Irvine, Calif., Jan. 30, 2013 — UC Irvine biologists, chemists and computer scientists have identified an elusive pocket on the surface of the p53 protein that can be targeted by cancer-fighting drugs. The finding heralds a new treatment approach, as mutant forms of this protein are implicated in nearly 40 percent of diagnosed cases of cancer, which kills more than half a million Americans each year.
In an open-source study published online this week in Nature Communications, the UC Irvine researchers describe how they employed a computational method to capture the various shapes of the p53 protein. In its regular form, p53 helps repair damaged DNA in cells or triggers cell death if the damage is too great; it has been called the “guardian of the genome.”
Mutant p53, however, does not function properly, allowing the cancer cells it normally would target to slip through control mechanisms and proliferate. For this reason, the protein is a key target of research on cancer therapeutics.
Within cells, p53 proteins undulate constantly, much like a seaweed bed in the ocean, making binding sites for potential drug compounds difficult to locate. But through a computational method called molecular dynamics, the UC Irvine team created a computer simulation of these physical movements and identified an elusive binding pocket that’s open only 5 percent of the time.
After using a computer to screen a library of 2,298 small molecules, the researchers selected the 45 most promising to undergo biological assays. Among these 45 compounds, they found one, called stictic acid, that fits into the protein pocket and triggers tumor-suppressing abilities in mutant p53s.
While stictic acid cannot be developed into a viable drug, noted study co-leader Peter Kaiser, professor of biological chemistry, the work suggests that a comprehensive screening of small molecules with similar traits may uncover a usable compound that binds to this specific p53 pocket.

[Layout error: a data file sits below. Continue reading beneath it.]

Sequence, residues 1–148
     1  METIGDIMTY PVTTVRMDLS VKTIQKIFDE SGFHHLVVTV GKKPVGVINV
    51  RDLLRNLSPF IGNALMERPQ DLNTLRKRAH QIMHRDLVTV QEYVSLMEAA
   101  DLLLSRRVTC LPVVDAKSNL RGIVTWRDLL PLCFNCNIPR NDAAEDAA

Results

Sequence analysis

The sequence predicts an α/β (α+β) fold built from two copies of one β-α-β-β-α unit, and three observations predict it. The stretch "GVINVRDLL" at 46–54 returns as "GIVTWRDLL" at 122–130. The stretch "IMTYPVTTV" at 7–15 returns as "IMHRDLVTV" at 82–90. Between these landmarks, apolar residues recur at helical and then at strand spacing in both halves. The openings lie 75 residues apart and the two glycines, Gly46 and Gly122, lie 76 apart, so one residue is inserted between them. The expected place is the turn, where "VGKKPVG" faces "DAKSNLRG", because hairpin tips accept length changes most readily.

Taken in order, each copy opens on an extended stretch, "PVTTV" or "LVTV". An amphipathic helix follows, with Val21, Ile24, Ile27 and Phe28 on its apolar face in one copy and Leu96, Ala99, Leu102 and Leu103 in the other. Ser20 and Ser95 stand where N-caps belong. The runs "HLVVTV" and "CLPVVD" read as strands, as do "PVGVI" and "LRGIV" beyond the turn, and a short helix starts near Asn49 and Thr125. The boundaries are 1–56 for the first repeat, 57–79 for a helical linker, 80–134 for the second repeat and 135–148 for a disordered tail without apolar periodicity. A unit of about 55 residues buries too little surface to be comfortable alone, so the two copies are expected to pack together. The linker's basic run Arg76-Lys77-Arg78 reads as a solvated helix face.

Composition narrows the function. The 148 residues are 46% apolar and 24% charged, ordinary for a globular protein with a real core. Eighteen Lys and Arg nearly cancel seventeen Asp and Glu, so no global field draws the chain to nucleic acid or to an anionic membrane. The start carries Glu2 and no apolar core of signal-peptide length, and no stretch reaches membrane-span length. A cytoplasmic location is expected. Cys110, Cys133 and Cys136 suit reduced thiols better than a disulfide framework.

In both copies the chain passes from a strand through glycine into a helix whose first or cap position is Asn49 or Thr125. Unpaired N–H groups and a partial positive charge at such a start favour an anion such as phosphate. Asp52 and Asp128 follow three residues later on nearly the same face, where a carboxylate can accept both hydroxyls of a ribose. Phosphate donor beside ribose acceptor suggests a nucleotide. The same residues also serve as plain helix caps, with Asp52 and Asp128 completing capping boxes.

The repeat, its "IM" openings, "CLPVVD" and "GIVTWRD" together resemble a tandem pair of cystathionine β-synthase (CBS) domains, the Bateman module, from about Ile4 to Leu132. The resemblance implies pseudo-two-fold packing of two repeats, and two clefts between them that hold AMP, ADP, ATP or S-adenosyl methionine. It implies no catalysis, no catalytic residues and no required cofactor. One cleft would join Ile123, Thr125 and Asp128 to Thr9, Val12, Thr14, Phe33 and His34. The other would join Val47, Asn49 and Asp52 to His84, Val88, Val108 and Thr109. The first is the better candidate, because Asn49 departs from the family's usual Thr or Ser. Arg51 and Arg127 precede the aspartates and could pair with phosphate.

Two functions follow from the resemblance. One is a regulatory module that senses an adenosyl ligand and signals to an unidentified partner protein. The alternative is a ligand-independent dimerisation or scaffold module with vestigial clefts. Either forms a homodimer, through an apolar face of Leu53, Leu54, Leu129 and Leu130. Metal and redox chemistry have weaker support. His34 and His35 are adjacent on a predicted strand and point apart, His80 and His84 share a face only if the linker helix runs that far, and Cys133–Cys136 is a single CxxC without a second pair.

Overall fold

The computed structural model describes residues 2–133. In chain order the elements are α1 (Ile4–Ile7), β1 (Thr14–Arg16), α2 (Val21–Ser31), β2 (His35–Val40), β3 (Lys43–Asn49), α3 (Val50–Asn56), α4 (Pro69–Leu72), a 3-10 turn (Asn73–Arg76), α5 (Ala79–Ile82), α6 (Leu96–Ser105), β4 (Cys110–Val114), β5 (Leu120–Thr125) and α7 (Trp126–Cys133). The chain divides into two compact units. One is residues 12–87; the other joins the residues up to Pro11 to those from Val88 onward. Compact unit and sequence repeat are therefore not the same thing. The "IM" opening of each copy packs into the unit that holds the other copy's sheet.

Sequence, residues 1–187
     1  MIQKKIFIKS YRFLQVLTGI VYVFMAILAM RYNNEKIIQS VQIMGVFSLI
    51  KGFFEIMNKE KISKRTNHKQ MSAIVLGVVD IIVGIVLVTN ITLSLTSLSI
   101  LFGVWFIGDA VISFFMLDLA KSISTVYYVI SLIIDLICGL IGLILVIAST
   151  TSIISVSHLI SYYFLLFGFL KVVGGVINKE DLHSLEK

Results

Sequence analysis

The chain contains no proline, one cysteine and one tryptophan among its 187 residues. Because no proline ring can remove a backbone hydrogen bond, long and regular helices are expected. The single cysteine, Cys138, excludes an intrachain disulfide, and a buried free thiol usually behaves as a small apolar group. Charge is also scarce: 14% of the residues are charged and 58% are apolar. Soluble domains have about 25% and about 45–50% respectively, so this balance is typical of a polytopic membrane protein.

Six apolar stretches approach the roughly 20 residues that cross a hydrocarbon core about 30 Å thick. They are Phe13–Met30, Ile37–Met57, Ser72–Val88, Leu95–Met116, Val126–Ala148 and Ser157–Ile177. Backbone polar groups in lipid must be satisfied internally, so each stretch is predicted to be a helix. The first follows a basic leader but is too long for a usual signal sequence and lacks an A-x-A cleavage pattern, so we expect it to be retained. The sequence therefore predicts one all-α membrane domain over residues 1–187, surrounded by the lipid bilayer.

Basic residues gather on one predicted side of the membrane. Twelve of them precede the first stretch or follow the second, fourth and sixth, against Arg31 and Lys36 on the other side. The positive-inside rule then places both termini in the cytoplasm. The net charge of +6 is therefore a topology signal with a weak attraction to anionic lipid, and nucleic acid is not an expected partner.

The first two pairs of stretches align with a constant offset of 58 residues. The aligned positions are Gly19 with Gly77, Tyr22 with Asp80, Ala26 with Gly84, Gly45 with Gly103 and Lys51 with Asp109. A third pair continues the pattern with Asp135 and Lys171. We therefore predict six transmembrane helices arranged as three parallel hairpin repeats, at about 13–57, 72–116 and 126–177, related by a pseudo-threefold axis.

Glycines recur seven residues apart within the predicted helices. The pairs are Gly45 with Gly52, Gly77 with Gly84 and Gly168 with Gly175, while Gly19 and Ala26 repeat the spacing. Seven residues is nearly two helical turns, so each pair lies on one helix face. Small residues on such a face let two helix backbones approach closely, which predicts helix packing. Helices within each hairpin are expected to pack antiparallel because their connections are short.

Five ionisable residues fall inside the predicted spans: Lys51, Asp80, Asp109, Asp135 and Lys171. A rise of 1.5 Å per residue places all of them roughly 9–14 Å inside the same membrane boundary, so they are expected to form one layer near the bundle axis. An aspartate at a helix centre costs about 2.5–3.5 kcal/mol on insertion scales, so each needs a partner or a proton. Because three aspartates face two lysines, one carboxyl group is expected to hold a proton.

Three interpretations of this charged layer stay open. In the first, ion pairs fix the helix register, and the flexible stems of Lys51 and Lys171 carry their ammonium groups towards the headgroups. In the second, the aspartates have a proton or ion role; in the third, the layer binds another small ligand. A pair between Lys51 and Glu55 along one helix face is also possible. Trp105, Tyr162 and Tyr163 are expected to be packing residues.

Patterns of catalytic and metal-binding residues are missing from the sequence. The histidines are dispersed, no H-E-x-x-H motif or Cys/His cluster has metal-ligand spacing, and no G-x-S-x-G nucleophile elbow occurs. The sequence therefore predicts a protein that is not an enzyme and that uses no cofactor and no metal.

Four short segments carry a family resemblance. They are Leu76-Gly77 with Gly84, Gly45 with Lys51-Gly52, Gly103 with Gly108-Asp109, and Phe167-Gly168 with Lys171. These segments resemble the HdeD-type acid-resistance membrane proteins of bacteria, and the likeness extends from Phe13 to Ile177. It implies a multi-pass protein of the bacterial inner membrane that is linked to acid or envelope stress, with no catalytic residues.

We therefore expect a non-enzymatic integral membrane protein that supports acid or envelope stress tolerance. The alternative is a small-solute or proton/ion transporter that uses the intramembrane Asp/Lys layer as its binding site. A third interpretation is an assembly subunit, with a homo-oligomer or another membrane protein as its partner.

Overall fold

“The discovery and pharmaceutical development of such a compound could have a profound impact on cancer treatments,” Kaiser said. “Instead of focusing on a specific form of the disease, oncologists could treat a wide spectrum of cancers, including those of the lung and breast.” He added that there is currently one group of experimental drugs – called Nutlins – that stop p53 degradation, but they don’t target protein mutations as would a drug binding to the newly discovered pocket.
The results are the culmination of years of labor by researchers with UC Irvine’s Institute for Genomics & Bioinformatics and the Chao Family Comprehensive Cancer Center.
“It’s been a large and complex multidisciplinary effort,” said Richard Lathrop, professor of computer science and co-leader of the study. “We’re working on the leading edge of what’s possible, and a variety of skills and expertise is required to make progress. Hopefully, our research eventually will lead to drugs that target many different forms of cancer.”
Hartmut Luecke, UC Irvine professor of molecular biology & biochemistry and physiology & biophysics, and Rommie Amaro, an assistant professor of computer science and pharmaceutical sciences who is now at UC San Diego, were other study co-leaders.
Additional UC Irvine team members included:
- Graduate student researcher Faezeh Salehi with the Department of Computer Science;
- Postdoctoral scholar Roberta Baronio, staff research associate Linda Hall, graduate student researcher Da-Wei Lin and undergraduate student Benjamin Chung with the Department of Biological Chemistry;
- Graduate student Brad Wallentine and postdoctoral scholar Chiung-Kuang Chen with the Department of Molecular Biology & Biochemistry;
- Richard Chamberlin, professor and chair of pharmaceutical sciences and professor of chemistry; and
- G. Wesley Hatfield, professor of microbiology & molecular genetics and chemical engineering & materials science.
Former UC Irvine postdoctoral researcher Christopher Wassman and Özlem Demir, a former UC Irvine postdoctoral scholar now at UC San Diego, also contributed.
This work was funded in part by the National Cancer Institute (grants R01CA112560 and T32CA009054), the National Institutes of Health (grants DP2-OD007237 and R01AI78000), the National Science Foundation (grants LRAC CHE060073N, CHE-0840513 and IIS-0326037) and the UC Irvine School of Medicine Dean’s Triumvirate Grant.
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